Bonnie J Brown
If you’ve got a passion for fashion like I do, you’ve probably already poured over the pics from last week’s Gala Benefit for the Metropolitan Museum’s Costume Institute. Youâ€š have more than likely oohed, aahed and possibly even cringed (see the Chanel Haute Couture number) at what the celebrities wore. And if you’re anything like me, you’ve already dreamt up an elaborate design that you would have worn if you were lucky enough to attend. But let’s face it, if you or I would have attended, we wouldn’t have designed a dress for ourselves but a well-know and fabulous designer (preferably Alexander McQueen for me) would have. And maybe he would have even designed a dress especially for me, since the spring 2009 Costume Institute’s exhibition is entitled: The Model as Muse: Embodying Fashion. The Met’s Web site describes it as exploring “the reciprocal relationship between high fashion and the evolving ideals of beauty, focusing on iconic fashion models in the latter half of the 20th century.” A model I am not, however there is a possibility (albeit slim) that I could be a designer’s muse (a girl can dream, can’t she?). For almost every designer needs a point of inspiration for their creation and probably has an individual in mind when coming up with their latest collection. Even the first known fashion designer, Charles Frederick Worth had his muse, and wouldn’t you know it, he married her.
Worth, also known as the Father of Haute Couture, originally worked in a drapery shop in London and then Paris. At this time all clothing was made to order, where the patron would order fabrics and then work with a dressmaker and the garment would be made to their specifications. Eventually Worth would make dresses for his wife, a model for the drapery, and women would then order those designs for themselves. Wealthy women, including actresses and royalty alike, would travel as far as New York to Paris to have a dress made for them by the House of Worth and instead of women telling him what they wanted Worth would design a dress for them. This completely changed the role of dressmaker/artisan into designer/artist. Worth was able to do this for the simple fact that his gowns were of the utmost style. He only used the finest materials and added minute detail and embroidery work to his garments. His dresses were noticeable because of the lack of ruffles, frills and other excessive materials that adorned many of the other gowns during the mid 19th century. The limited adornments drastically changed the shape of gowns to a simple flattering silhouette.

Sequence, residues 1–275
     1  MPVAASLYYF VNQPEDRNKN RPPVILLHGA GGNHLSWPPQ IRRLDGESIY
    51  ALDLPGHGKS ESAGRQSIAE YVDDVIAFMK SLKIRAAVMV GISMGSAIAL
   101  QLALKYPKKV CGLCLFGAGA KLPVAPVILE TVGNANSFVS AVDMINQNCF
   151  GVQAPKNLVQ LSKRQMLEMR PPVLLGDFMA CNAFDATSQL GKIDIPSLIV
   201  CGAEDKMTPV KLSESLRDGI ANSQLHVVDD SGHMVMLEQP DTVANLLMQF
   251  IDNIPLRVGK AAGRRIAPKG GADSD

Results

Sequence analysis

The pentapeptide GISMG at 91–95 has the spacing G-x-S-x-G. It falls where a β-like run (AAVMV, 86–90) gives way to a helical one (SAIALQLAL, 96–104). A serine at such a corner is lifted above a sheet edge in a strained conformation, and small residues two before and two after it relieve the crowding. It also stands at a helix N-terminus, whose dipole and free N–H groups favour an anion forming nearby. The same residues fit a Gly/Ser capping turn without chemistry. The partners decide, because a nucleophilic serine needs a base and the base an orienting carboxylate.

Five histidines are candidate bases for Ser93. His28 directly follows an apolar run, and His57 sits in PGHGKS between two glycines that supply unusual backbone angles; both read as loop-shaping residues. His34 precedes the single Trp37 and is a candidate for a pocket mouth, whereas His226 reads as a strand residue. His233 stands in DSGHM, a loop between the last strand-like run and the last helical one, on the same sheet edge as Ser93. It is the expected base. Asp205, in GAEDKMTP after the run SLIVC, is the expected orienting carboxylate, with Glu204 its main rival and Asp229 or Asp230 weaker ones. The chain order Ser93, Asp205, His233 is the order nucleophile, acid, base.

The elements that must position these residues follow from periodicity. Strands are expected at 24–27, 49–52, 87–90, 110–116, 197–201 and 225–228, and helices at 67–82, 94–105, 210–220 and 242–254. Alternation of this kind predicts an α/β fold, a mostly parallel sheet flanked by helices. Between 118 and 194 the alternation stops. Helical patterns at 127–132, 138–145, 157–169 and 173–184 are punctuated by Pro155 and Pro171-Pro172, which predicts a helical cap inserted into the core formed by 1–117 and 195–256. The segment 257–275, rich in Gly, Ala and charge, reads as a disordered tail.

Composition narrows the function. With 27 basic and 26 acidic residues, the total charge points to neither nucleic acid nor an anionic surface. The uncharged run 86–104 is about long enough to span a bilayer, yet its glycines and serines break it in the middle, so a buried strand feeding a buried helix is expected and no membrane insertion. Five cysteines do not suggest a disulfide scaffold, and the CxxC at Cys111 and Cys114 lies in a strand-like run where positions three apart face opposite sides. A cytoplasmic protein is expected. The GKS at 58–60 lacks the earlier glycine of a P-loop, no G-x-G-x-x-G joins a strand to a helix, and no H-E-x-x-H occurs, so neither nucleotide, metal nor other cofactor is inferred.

Along with being the father of Haute Couture, Worth is known to be the first to put labels into his clothing. Worth dresses were all the rage and to make them even more desirable he was known to turn away clients. The effect Worth had on the fashion industry can not be expressed except by saying that before Charles Frederick Worth there was no fashion, history names Worth as the first fashion designer and everything before him is considered pure costume. So while the fashionable elite celebrate the costumes of the past let’s thank Worth for the way we receive fashion today.
1. Charles Frederick Worth
2. Fabiola Beracasa, in Chanel Haute Couture.
3. Charles Frederick Worth Dress for Elisabeth of Austria
4. Frederick Worth evening gowns 1887 and 1892
5. Charles Frederick Worth 1883